U-Haul’s anti-nicotine policy is creepy and inappropriate

It’s great that the Arizona-based U-Haul company cares about the well-being of its more than 30,000 employees. It’s commendable that it has adopted programs and offered benefits to promote their nutrition, fitness and overall health. But its newest “wellness” policy for employees goes way beyond the promotion of good health and into the land of creepy intrusion.

Trump’s proposed new environmental reviews rules are as bad as you’d expect

In what could be the administration’s broadest attack yet on federal environmental regulations, the Trump administration on Thursday proposed making it easier to approve major energy and infrastructure projects, including new highways and pipelines, without full consideration of their environmental impact or their effects on climate change. Billed as an effort to make the 1970 National Environmental Policy Act more efficient, the new rules would make it easier for many projects with significant detrimental environmental impacts to proceed without crucial reviews.

We can’t afford another war

A war with Iran would cost the United States and the world dearly. Experts say a full-blown conflict could easily kill hundreds of thousands if not millions of people. Other costs are less obvious, but nonetheless devastating.

It’s war: Is the U.S. in it to win it?

Prior to Iran’s missile attacks on U.S. bases inside Iraq, Secretary of Defense Mark Esper said, “We are not seeking war with Iran, but we are prepared to finish one.” Esper said the U.S. prefers a “diplomatic” solution to the escalation of tensions in the region.

Trump fails to follow through on a promised flavored liquid ban

Public health advocates were pleasantly shocked and more than a little skeptical when President Donald Trump this fall announced sweeping plans to end sales of flavored e-cigarettes, after research showed alarming numbers of teenagers getting hooked on vape devices serving up nicotine via kid-friendly sweet fluids flavored like mango or vanilla.

Beware the ‘Market Skeptic Republicans’

WASHINGTON — The sails of Sen. Josh Hawley’s political skiff are filled with winds gusting from the right. They come from conservatives who think that an array of — perhaps most of — America’s social injuries, from addiction to loneliness — have been inflicted by America’s economy. Individualism, tendentiously defined, is the Missouri Republican’s named target. Inevitably, however, the culprit becomes capitalism, which is what individual freedom is in a market society’s spontaneous order.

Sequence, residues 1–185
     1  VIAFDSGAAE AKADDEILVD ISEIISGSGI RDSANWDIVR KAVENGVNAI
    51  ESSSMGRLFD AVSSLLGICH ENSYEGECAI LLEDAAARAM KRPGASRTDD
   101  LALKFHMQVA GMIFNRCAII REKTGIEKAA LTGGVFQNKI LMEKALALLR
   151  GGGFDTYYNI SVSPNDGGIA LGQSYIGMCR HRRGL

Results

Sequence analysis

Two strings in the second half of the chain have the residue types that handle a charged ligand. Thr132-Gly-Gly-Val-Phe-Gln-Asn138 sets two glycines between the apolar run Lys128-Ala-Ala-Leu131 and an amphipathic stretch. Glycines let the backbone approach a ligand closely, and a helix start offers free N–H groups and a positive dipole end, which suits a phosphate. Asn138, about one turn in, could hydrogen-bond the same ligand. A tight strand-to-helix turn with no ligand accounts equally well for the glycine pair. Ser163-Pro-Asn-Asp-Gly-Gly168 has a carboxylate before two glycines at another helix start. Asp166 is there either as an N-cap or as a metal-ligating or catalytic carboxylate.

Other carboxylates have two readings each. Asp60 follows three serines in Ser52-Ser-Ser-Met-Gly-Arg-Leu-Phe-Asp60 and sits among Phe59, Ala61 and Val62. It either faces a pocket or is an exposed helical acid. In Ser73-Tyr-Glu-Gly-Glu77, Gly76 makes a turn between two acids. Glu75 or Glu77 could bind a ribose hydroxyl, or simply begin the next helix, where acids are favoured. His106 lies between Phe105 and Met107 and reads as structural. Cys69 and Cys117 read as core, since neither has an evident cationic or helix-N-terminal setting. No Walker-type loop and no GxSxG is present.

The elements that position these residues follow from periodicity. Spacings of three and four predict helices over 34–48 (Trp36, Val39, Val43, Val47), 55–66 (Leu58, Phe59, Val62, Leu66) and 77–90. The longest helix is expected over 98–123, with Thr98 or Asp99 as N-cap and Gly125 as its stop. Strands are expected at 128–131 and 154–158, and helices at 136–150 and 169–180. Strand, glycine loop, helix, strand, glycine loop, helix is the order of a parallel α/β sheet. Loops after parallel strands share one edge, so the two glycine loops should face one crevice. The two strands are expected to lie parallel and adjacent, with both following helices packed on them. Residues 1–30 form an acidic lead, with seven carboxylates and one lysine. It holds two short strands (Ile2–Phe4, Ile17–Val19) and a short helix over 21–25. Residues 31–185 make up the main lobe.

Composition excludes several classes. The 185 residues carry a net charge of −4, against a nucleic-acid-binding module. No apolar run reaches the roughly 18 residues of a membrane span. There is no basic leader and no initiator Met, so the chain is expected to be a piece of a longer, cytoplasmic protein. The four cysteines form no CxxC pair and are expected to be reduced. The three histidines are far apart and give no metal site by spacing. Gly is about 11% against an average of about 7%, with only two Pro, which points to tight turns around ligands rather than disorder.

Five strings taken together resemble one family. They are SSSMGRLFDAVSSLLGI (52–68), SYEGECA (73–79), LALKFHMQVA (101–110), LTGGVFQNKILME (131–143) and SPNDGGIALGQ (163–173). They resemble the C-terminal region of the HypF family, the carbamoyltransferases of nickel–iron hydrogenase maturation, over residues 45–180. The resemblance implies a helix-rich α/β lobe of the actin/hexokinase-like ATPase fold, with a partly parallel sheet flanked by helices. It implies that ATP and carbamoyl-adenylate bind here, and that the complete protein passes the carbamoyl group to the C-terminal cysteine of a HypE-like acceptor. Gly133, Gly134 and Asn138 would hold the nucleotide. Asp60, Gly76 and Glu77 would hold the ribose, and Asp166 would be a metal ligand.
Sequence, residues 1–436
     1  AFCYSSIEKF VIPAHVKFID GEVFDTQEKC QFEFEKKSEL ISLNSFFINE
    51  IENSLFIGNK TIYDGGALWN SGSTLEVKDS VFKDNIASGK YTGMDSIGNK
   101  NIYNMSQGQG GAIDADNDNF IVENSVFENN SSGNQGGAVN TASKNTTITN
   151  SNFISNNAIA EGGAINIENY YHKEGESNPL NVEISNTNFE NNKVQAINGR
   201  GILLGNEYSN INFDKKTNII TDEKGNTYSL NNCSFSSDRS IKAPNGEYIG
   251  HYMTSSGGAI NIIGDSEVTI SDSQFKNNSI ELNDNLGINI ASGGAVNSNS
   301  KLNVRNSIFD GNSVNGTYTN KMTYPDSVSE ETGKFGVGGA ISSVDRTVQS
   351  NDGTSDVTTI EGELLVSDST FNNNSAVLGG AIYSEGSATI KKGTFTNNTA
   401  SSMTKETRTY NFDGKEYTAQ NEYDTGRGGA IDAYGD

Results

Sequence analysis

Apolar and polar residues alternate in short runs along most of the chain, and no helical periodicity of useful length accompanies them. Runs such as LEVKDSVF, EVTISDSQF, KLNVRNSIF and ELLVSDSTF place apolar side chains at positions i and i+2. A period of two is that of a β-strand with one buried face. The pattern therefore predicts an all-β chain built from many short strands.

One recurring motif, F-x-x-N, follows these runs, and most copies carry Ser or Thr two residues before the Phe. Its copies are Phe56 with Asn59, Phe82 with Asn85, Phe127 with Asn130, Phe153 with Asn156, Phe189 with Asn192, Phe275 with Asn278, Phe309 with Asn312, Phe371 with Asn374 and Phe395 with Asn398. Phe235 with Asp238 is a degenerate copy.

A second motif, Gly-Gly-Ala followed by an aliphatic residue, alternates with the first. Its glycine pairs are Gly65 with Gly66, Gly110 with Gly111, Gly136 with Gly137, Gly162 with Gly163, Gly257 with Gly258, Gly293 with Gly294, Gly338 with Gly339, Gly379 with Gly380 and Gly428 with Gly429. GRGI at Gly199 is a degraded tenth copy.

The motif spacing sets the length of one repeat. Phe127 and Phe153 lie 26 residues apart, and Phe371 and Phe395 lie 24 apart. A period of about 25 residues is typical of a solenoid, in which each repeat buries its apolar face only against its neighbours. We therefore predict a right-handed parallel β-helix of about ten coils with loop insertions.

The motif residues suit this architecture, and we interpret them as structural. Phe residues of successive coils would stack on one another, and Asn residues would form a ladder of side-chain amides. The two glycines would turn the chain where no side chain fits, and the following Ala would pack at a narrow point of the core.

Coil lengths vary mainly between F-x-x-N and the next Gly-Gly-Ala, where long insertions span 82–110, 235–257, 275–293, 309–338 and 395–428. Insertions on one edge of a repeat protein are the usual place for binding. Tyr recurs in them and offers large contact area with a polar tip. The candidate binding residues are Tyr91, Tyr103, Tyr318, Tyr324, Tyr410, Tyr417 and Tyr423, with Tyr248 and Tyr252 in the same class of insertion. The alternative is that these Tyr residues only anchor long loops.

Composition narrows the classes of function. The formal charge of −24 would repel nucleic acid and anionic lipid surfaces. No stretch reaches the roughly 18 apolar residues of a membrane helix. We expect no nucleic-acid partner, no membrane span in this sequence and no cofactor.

Australia burns as the planet bakes

Australia is on fire. Not all of it — but so far, flames have engulfed some 12 million acres, more than the land mass of Vermont and New Hampshire combined. Inhabitants of the hot, dry continent learned long ago that coping with wildfires is a part of life. But the conflagrations that have swept across large parts of Australia are unprecedented in their size and ferocity, with consequences that stagger the imagination.

We sure could use a credible president right about now

After a U.S. drone blew up a top Iranian general last week, my 13-year-old son asked me if it was true that President Donald Trump was reinstituting the draft. He’d heard that online, as had many of his friends; in fact, so many internet users sought to check out what was happening with the draft that they brought down the website for the Selective Service System.

Does Trump know what he’s doing?

The assassination Friday of Gen. Qassem Soleimani, a top security and intelligence commander in the Iranian military, raises significant questions, including whether the killing will achieve a discernible U.S. goal, and — even more troubling — whether it will push the U.S. and Iran closer to war. President Trump, in his fashion, took a victory lap, tweeting that Soleimani “should have been taken out many years ago,” the kind of bombast we’ve come to expect from this president. It’s also the kind of bombast that is more likely to make things worse than better.

Trump the intimidator fails again

International crises often lead, at least initially, to surging support for a country’s leadership. And that’s clearly happening now. Just weeks ago, the nation’s leader faced public discontent so intense that his grip on power seemed at risk. Now the assassination of Gen. Qassem Soleimani has transformed the situation, generating a wave of patriotism that has greatly bolstered the people in charge.

Simplify the number for suicide prevention hotline

If someone battling suicidal thoughts is willing to ask for help, the phone line where counselors can be reached 24 hours a day should be as easy to remember and as speedy to dial as 911. Instead, the nation’s suicide hotline number is 10 digits — 800-273-TALK — which heightens the risk of a misdial or a search for the number. That puts up a hurdle at the absolute worst time possible between someone in crisis and potentially lifesaving assistance.

Cooling the schools: the reality

It wasn’t long ago that, in response to numerous complaints of students sweltering in their classrooms, Gov. David Ige proclaimed that he would commit $100 million to cool 1,000 classrooms.